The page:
"Cutting Tip: If you cut the squares diagonal on the fabric instead of on the straight grain of the fabric you don't have to spend all that time ragging the edges. After sewing all the squares together place the finished quilt top in your washing machine and dryer, the edges will come out fringed. This method is called Faux Chenille." --SharonI haven't tried this myself, so I can't recommend it from personal experience, but it makes sense to me. There might be times, though (such as when you're cutting squares from cast-off clothes), when it would be impractical to have to cut on the bias-- mainly because it takes more room. . . if you understand what I mean. (g) Still, it might be worth trying, if you find the snipping step tiresome.
"Instead of putting it in the washer 1st, I put mine in the dryer on "air/fluff" (no heat) for about 30 min, checking and emptying the lint filter about every 10 min, then I wash it. There's still a lot of lint threads in the washer, but I know there aren't as many as there would have been. Even after washing, I take them outside (WOW, are they HEAVY when wet!!!) and shake more clippings out, then dry it in the dryer." --PattyI haven't tried this one, either, but it's interesting. I don't have a way (that I know of) to easily filter the water before it leaves my washing machine, but I can easily check and clear the lint filter in my dryer. However, since she says that there's still "a lot" of loose thread in the washer, I wonder how much help this would actually be. Something to consider, though.
Re: Fiskars rag quilt snipper scissors: "TIP: If while using the snippers and they start sticking, spray a little WD-40 on the blades hinge, then wipe the blades off. Pump the scissors a few times, then back to snipping and they will seem like new scissors again. I think the lint builds up and dries out the blades hinge and it just needs lubrication. Anyway, it worked for me!" --PattyAha! So maybe I can get my snippers back in good working order again! I'll definitely be giving this one a try, and I'll try to remember to mention whether or not it works for me, too.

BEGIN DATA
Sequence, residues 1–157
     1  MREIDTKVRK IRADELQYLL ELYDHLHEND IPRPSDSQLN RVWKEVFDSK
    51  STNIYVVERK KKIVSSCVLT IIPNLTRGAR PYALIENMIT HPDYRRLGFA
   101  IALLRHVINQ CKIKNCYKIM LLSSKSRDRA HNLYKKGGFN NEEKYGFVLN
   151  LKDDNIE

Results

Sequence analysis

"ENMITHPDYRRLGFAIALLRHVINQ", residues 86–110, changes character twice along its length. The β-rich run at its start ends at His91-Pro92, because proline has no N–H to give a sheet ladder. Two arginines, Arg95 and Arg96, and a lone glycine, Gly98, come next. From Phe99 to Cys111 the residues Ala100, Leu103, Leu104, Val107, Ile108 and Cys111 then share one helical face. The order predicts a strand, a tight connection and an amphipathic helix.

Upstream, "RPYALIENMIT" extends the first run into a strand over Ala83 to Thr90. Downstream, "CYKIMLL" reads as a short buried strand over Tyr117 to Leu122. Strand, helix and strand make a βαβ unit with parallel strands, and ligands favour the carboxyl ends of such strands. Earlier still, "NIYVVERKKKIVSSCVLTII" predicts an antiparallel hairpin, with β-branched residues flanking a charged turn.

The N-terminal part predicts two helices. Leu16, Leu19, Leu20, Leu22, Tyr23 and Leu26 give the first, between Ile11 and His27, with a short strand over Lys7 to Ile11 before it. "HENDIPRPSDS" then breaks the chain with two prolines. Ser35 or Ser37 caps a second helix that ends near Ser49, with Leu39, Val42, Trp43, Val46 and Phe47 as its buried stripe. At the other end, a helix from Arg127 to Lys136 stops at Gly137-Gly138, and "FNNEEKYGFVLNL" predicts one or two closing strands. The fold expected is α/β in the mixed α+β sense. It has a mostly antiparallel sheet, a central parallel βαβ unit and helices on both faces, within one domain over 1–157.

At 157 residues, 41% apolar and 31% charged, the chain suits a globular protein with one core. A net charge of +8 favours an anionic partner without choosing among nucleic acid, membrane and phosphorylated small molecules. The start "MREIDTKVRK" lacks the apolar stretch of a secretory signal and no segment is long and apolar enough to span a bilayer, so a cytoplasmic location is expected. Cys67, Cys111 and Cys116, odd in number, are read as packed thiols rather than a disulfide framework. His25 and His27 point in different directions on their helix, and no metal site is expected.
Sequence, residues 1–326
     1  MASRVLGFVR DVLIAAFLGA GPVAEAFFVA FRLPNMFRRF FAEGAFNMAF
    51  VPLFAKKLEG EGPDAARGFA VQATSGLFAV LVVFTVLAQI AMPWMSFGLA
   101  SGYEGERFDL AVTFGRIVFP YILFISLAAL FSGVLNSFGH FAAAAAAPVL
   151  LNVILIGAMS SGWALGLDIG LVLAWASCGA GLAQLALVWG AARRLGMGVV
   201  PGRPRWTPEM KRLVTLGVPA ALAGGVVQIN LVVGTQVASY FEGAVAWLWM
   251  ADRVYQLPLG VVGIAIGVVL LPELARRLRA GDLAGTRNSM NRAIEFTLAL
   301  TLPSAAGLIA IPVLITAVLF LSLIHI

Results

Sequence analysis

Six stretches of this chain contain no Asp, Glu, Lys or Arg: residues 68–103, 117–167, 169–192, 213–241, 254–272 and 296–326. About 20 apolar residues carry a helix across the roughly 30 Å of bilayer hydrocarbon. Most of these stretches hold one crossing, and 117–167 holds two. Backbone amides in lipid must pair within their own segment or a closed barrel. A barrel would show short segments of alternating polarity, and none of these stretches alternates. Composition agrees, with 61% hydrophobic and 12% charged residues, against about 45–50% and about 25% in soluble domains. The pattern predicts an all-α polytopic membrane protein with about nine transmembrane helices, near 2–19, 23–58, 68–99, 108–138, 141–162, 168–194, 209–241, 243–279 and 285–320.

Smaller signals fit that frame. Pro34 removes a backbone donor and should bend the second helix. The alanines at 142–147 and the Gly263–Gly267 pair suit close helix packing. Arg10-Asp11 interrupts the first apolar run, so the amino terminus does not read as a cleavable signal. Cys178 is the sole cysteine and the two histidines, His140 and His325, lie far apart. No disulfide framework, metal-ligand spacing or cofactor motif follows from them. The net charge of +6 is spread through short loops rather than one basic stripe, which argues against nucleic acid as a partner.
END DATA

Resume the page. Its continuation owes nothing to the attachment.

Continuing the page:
"I make mug rugs the same way, only in a shape - heart, oval, etc." --JazboI've never heard of a "mug rug" before, but it sounds like a coaster. Guess I wasn't the only one to think of that, then. (g) (Not that I'm surprised. I've long since given up on coming up with any idea that's totally new to the world.) However, as you'll likely remember if you're familiar with this blog, I make my coasters in square shapes with "appliques" in hearts, flowers, etc. Jazbo's idea of making the whole coaster in a non-square shape is an interesting alternative. (Personally, I think I prefer the squares, but to each her own way.)
So, that's it for the tips. Maybe someone else will find them helpful or inspiring, too. :o)